Top Five Reasons Super Hero Fatigue is Inevitable
Top Five is a show where the hosts categorize, rank, compare, and stratify everything… from cars to gadgets to people and movies. From stuff that is hot, and things that are not nearly as interesting – it’s Top Five.
With the plethora of television shows and movies focusing on the superhero genre, it’s bound to get long in the tooth before long. This week, Bruce shares his tip five reasons super hero fatigue is inevitable.
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I kind of have to disagree with most of this list. Aside from point #1, I see nothing to back up what you’re saying.
5) Origin is a key trope, but it’s hardly the only one. There are plenty of others. Even then I would argue that people still want to see origins, whether they complain about it or not. In Age of Ultron, Marvel seemed to me to largely downplay the origins of every character you mentioned except Vision. Literally all the “origin” we got from SW and QS was a 30 second explanation of why they hate Stark and that Strucker gave them powers. Vision, they explained the creation of, but Marvel seemed to jump right in with the character. “Look, this guy can pick up Mjolnir, fly, phase through solid matter and shoot lasers out of his head. We have been making these movies for over a decade. If you haven’t accepted that this can happen without explanation by now, these movies are not for you.” Honestly one of the biggest complaints I hear about AoU is that they didn’t go into Ultron’s origin ENOUGH. It’s presented in a sloppy editing sequence at the beginning of the film and explained away with a throwaway line about how the mind stone did it at the end of the film. I’ve had to explain to multiple people how exactly he was created because the film cut that story.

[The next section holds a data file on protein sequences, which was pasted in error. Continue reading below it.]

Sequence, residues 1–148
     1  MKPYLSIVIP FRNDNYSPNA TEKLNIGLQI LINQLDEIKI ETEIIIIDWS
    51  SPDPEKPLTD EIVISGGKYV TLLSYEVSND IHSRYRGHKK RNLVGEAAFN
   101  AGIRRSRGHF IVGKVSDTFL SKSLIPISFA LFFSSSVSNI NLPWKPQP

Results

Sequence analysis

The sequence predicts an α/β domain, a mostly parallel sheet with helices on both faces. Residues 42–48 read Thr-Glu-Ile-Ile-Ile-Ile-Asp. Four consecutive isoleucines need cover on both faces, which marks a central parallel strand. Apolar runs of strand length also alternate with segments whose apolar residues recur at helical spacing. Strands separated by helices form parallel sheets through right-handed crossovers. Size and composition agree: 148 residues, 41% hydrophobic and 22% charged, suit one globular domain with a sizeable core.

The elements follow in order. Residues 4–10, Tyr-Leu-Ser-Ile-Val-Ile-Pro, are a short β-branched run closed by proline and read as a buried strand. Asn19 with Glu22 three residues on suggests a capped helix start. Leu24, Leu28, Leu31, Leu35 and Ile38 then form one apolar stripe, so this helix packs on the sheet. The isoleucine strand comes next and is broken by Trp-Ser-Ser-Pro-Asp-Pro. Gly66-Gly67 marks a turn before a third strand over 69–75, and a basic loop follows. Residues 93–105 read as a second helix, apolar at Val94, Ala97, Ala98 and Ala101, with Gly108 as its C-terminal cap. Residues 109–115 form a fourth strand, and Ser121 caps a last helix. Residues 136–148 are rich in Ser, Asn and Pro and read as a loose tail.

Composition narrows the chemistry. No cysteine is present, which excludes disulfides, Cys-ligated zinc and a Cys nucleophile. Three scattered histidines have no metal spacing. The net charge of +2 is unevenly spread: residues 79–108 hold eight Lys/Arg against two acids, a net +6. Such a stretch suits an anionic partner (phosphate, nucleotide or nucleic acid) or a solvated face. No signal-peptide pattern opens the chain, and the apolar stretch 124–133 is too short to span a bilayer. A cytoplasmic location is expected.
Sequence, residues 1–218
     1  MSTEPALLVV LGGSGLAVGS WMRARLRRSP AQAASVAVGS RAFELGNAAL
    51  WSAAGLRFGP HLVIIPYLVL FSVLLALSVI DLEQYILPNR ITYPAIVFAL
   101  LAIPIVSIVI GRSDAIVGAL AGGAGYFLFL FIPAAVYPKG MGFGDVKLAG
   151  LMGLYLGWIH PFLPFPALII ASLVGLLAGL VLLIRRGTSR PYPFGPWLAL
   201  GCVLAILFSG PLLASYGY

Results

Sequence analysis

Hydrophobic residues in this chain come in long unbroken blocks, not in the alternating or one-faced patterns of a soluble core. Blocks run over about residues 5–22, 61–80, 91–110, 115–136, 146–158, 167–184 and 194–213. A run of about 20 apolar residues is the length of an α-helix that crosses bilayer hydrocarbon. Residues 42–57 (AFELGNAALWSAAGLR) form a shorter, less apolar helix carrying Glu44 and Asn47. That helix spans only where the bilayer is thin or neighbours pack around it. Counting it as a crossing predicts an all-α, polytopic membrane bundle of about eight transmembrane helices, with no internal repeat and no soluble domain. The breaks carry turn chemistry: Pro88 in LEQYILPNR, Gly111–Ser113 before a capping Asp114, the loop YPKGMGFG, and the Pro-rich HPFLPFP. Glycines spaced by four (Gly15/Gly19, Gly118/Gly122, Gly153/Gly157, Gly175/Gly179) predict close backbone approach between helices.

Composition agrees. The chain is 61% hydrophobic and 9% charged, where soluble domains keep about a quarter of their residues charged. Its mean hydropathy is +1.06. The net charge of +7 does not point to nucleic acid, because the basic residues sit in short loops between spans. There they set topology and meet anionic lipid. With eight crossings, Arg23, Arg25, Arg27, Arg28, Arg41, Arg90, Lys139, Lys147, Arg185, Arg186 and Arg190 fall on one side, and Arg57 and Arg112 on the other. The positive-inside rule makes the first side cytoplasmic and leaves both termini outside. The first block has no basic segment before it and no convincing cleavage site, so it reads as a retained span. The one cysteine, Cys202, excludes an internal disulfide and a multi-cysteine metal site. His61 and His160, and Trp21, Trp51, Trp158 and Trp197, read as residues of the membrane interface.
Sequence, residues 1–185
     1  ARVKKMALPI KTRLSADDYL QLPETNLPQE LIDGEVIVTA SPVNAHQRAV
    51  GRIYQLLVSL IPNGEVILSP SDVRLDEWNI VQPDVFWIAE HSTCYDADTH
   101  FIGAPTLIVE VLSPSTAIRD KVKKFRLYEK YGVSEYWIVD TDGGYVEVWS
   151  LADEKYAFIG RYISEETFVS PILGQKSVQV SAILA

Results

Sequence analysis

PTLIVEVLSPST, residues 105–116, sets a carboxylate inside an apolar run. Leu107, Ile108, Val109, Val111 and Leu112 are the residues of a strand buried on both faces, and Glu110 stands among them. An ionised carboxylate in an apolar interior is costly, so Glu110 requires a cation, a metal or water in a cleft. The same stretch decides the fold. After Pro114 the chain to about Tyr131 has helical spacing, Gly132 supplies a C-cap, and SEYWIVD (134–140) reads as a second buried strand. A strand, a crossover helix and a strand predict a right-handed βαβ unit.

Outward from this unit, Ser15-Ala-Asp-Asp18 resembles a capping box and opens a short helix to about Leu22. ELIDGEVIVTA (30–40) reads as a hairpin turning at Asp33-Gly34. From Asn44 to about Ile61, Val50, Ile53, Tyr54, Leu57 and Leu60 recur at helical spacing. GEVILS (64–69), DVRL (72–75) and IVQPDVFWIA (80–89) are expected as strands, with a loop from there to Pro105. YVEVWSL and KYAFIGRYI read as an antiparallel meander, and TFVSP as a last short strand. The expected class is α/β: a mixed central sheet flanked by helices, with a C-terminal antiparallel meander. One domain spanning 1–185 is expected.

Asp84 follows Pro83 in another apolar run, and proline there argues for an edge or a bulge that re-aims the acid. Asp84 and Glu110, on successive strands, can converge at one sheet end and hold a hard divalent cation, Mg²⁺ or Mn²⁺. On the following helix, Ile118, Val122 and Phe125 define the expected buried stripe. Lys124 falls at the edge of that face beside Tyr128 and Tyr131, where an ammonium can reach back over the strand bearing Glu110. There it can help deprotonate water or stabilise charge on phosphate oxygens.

4) I would argue that because you’re looking to avoid non-superhero shows in favor of watching the likes of Legends and Supergirl kind of invalidates your point of too much of a good thing. You imply that you will stop watching other genres in favor of the superhero shows. Not the other way around. Even if you account for Supergirl and Gotham sharing a time slot, you are choosing to watch one of two superhero shows over any of the other things airing on other channels. Or at least I assume so as you didn’t mention you’d rather be watching Atlantis or Brooklyn 99. (full disclosure I didn’t check the time slots of Atlantis or Brooklyn, but point was you didn’t say what you’d rather be watching.)